Always cut away from your body. You may be tempted, when in a hurry to cut toward you, instead of flipping the fabric, but DON’T DO IT!
Apply the blade cover when not using the cutter. (I will admit, and my viewers catch it), that I don’t always follow this rule. It has come back to bite/cut me, a few times.
I really, really like this rotary cutter because it has an automatic retractable blade. When you cut, you’ll squeeze the handle and when you’re finished cutting and release it, the blade retracts. Its ergonomic handle is very comfortable to use and is one of my favorites!
How Do You Know When to Change the Blade?
Rotary cutting blades need to be changed occasionally. It just depends on how much you use it. You can tell if after cutting it leaves uncut sections or just doesn’t cut well. Don’t hesitate in changing it for a new one, because a new blade will make your cutting experience so much better, and safer.
How to Change the Rotary Cutting Blade
Each rotary cutting device will be a little different, but they’re all pretty similar. If you have an Olfa cutter, you can go on their website and find the different types of cutters and see how to change the blade. BE VERY CAUTIOUS when handling the blade.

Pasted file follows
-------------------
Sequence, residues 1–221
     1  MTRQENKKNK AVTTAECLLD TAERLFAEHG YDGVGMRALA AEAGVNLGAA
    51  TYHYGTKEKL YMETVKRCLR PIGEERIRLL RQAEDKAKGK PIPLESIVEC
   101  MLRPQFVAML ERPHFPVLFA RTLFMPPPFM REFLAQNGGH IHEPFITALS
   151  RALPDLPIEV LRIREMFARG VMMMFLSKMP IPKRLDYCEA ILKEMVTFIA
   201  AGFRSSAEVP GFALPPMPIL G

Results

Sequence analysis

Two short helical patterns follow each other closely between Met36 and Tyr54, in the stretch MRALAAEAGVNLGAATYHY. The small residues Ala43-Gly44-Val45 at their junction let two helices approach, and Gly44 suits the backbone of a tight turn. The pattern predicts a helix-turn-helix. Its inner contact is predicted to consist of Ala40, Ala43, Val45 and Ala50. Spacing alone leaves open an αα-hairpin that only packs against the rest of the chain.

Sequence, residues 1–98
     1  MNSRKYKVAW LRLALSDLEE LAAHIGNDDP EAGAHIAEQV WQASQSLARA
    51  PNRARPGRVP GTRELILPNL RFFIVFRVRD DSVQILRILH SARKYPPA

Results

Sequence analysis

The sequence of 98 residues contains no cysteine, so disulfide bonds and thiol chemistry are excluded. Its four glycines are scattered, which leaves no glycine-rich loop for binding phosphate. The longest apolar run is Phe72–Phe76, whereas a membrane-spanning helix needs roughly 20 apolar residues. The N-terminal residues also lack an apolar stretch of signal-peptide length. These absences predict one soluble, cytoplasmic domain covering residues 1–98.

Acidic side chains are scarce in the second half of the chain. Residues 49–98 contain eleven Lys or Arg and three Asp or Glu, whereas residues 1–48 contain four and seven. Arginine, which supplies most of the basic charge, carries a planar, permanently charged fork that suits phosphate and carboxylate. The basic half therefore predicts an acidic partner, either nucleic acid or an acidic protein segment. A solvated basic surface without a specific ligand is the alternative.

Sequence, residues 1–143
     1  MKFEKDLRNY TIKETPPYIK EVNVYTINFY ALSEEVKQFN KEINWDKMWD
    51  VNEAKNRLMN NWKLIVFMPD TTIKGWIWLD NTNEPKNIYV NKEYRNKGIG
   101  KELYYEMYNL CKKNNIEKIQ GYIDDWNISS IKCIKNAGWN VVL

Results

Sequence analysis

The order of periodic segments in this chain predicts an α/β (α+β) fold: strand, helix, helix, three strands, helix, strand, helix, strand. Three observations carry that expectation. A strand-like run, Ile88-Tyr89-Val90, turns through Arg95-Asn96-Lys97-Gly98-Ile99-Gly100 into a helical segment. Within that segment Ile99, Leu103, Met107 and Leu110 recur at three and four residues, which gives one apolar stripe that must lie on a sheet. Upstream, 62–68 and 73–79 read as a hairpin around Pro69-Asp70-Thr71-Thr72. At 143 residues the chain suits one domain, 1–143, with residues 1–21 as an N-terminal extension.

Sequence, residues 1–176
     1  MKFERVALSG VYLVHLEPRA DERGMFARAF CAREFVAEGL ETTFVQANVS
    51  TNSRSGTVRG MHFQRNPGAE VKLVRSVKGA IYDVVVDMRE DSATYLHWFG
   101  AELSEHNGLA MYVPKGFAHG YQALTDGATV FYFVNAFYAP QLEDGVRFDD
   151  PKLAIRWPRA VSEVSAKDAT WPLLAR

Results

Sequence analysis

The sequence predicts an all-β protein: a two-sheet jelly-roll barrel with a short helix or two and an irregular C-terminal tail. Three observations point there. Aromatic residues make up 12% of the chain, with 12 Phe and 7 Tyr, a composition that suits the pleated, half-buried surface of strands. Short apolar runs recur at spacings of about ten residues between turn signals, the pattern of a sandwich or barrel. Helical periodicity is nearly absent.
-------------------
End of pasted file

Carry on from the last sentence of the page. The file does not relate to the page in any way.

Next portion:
- Disassemble the cutter by first unscrewing the nut. ****Very important! As you remove each component, set them down in the order you remove them.
- Remove the metal washer and the plastic washer next.
- Pull the handle off the stem that holds the blade and set it aside. (I will go over what to do with the old blade in a bit).
- Carefully remove the old blade from the stem and replace it with a new blade.
- Place the handle back onto the stem followed by the metal washer with the curve FACING UP like a cup.
- Next, place the nut back onto the stem and tighten until the front disk begins to spin. DO NOT OVER TIGHTEN!
What to Do With the Used Rotary Cutting Blades?